5 things learned about the Steelers: Matt Canada’s offense takes shape against the Bengals

Five things we learned from the Steelers 23, Bengals 20:

1. Motion sensors

The mobility that Mitch Trubisky was supposed to bring to the Steelers offense — a trait that Ben Roethlisberger lacked in his later seasons — was on display in Game 1. So was the constant movement and moving pockets that were expected of Matt Canada’s system in his second year as offensive coordinator.

The growing pains were evident.

The offense had just one touchdown on 15 possessions and produced several first downs on a single drive before overtime. The run game got heated to the point that Canada called Chase Claypool’s number six times on throwing sweeps/end runouts, and he ended up leading the Steelers with 36 rushing yards.

Canada’s stamp was noticeable from the first snap as Trubisky threw a shovel pass to Claypool.

Another wrinkle was a screen to No. 2 tight end Zach Gentry that resulted in a 32-yard completion at the Bengals 9 and setting up a 1-yard TD catch from Najee Harris. Canada also broke the flea flicker in the first quarter, which allowed Trubisky to complete a 31-yard pass to tight end Pat Freiermuth at the Bengals 3. Emblematic of the offensive struggles, the Steelers had to settle for a basket on this possession. .

Trubisky averaged 5.1 yards per attempt — Roethlisberger averaged 6.2 a year ago — and finished with a 78.2 pedestrian passer rating.

2. Slow starts

One of the objectives of the attack this season was to start faster than in 2021.

In the final eight games of last season, the offense produced just nine points in the first quarter and went five games without. Also, the last touchdown scored by the offense in the first quarter was in Week 10 against Detroit. And it was provided courtesy of a touchdown pass from Mason Rudolph.

The defense contributed to Minkah Fitzpatrick’s 31-yard interception return for a touchdown less than three minutes into the game on Sunday, and the offense contributed a field goal to take a 10-3 second lead. quarter.

The Steelers eventually got a touchdown before halftime to take a 17-6 locker room lead. That was an improvement over last year when the Steelers averaged 6.7 points in the first half of the season. Only the New York Giants 4-13 were worse in 2021.

The problem Sunday came in the second half as the Steelers totaled 64 yards and had four first downs. After the defense made a fourth-and-2 save with 1:51 remaining, the Steelers were forced to use a timeout due to an injury to Harris. They returned the ball after just 24 seconds of time out and left the Bengals with one timeout remaining.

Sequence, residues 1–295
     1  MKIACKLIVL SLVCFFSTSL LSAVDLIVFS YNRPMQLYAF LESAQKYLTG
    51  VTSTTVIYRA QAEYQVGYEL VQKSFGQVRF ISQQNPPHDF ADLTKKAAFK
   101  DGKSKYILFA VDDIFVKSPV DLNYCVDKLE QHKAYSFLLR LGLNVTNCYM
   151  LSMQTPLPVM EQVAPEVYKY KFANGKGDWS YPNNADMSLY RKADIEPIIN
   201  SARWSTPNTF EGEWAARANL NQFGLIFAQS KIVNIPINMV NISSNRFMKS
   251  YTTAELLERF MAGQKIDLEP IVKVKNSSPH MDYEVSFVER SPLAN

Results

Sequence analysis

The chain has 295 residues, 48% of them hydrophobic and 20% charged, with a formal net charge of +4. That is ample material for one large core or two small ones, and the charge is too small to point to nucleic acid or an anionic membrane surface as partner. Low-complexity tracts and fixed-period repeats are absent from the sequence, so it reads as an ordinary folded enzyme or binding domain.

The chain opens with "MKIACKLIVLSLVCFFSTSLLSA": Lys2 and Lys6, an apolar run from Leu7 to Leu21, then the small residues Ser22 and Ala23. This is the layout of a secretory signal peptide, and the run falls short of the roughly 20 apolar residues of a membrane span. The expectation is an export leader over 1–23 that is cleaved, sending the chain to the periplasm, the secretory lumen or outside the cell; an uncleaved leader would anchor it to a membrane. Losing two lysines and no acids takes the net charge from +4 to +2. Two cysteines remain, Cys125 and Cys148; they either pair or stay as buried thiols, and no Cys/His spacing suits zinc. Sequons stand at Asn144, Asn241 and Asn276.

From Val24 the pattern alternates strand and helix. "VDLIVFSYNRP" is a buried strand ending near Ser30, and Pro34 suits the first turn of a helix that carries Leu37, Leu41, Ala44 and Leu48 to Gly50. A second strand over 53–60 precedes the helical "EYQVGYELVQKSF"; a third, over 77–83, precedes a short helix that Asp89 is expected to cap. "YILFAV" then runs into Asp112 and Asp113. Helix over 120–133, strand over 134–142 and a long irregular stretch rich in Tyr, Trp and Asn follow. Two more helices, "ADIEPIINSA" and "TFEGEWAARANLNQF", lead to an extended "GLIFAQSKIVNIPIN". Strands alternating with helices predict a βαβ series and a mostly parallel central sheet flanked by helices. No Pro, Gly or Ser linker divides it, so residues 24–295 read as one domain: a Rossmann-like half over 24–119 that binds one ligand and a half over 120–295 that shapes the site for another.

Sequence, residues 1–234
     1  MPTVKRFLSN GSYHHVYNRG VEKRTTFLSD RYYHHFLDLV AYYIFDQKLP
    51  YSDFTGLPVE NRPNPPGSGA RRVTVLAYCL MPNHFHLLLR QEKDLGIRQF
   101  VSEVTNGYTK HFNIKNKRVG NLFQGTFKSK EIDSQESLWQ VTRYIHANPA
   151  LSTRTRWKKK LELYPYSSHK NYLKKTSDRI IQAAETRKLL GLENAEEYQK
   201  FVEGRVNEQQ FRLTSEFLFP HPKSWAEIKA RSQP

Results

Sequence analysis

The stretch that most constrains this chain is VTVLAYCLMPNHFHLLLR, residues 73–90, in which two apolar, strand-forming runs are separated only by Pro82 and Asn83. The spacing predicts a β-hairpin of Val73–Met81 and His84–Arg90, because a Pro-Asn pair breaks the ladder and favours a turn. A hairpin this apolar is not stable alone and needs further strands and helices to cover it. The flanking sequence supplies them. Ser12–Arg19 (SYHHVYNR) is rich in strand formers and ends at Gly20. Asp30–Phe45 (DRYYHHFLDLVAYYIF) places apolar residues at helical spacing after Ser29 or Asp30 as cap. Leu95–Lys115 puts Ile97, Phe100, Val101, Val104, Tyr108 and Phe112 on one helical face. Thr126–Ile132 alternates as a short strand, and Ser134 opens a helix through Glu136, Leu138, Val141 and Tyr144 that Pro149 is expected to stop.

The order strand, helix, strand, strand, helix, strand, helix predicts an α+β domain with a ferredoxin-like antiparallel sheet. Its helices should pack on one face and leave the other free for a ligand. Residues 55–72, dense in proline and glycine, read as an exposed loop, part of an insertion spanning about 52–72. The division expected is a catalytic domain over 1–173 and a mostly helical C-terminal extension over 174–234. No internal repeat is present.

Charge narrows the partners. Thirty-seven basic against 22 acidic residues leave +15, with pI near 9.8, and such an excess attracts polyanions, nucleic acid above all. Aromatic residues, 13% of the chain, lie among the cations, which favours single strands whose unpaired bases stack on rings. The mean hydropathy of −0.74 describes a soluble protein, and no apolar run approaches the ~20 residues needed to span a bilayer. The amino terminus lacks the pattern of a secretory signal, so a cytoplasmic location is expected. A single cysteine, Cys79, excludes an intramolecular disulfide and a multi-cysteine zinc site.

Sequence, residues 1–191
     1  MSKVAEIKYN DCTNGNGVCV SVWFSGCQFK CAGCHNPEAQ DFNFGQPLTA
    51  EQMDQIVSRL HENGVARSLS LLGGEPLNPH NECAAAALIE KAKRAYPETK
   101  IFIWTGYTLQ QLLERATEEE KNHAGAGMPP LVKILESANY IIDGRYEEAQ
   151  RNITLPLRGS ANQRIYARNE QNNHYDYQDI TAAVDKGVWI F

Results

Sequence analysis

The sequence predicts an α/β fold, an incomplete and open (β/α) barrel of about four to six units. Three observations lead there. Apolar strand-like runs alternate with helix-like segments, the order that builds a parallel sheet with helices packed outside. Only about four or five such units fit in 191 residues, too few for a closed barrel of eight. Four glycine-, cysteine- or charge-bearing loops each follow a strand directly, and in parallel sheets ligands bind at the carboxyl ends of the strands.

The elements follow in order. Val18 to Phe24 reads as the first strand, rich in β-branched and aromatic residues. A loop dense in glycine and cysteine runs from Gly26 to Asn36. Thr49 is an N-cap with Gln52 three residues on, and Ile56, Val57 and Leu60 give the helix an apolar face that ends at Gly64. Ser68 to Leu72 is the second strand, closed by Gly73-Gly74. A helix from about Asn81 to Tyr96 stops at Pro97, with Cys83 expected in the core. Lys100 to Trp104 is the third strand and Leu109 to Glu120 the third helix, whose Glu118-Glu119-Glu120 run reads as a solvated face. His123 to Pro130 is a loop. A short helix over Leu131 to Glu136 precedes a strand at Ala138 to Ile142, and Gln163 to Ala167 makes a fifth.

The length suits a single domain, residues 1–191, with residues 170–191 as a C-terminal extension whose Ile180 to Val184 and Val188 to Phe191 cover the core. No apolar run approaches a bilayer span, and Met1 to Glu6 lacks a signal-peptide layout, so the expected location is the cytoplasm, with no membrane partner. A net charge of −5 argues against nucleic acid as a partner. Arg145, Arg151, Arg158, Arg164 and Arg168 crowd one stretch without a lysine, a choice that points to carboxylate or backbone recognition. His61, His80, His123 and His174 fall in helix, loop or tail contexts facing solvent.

3. Defend the run defense

At first glance, it looked like the Steelers’ run defense had picked up where it left off in 2021 when they allowed the fastest yards in the NFL.

Joe Mixon landed a 31-yard run en route to an 82-yard performance. Joe Burrow rushed for a 23-yard gain and the Bengals rushed for 133 yards. After deeper dissection, however, the Steelers showed improvement in stopping the run.


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It took Mixon 27 carries to get his 82 yards, and the Bengals averaged 3.9 yards per carry on 34 total attempts. To put that into perspective, only six teams last year allowed their opponents to average less than 4.0 yards per carry for the season. The Steelers, of course, ranked last in giving up 5.0 yards per carry and were the only team to top 4.7.

Mixon had 14 points that resulted in gains of 2 yards or less, including five points for negative yardage. That’s no mean feat for the Steelers considering Mixon rushed for a career-high 1,205 yards last season, the third time in his five-year career he’s topped 1,000.

4. No daylight

Harris left after his 10th rush of the game resulted in a 2-yard loss, giving him 23 rushing yards. With two catches for 3 yards, he totaled 26 yards from scrimmage although one of his receptions was for a 1-yard touchdown.

Harris rushed for 6 yards on four carries in the first half, but regained it shortly after intermission when he made rushes for 11 and 8 yards. He had three points that went negative, including one when the Steelers brought in tackle Trent Scott to serve as an extra tight end.

The lack of wiggle room was hardly surprising given how slow the offensive line was to solidify during the preseason. One of the few bright spots for the quintet of Mason Cole, James Daniels, Kevin Dotson, Chuks Okorafor and James Daniels was that Trubisky was only sacked once, and that happened when he lost 2 meters after exceeding the limits. Trubisky was also hit five times compared to the Steelers hitting Joe Burrow 11 times.

5. Get Physical

When the defense is on the field for 94 plays, mistakes are inevitable. The Steelers secondary was not immune and the proof was in the form of five personal fouls. Ironically, all of the offenses were against players who had interceptions in the game.

Minkah Fitzpatrick was called twice for unnecessary second-half roughing and could have been flagged another time for a hit that concussed Bengals receiver Tee Higgins. It was all part of a physical day for Fitzpatrick, who led the Steelers with 14 tackles, had the opening interception return for a touchdown and crossed the line to block the potential game-winning extra run late in regulation. .

Ahkello Witherspoon had an interception on Bengals territory midway through the fourth quarter and was flagged for pass interference early in overtime.

A pass interference call on Cam Sutton nullified an interception, though the Steelers got a turnover on the next play. Sutton then got his interception, but he was called for holding late in the fourth quarter away from play, and that infraction nullified a 10-yard sack from TJ Watt.

Joe Rutter is a staff writer for Tribune-Review. You can contact Joe by email at jrutter@triblive.com or via Twitter .

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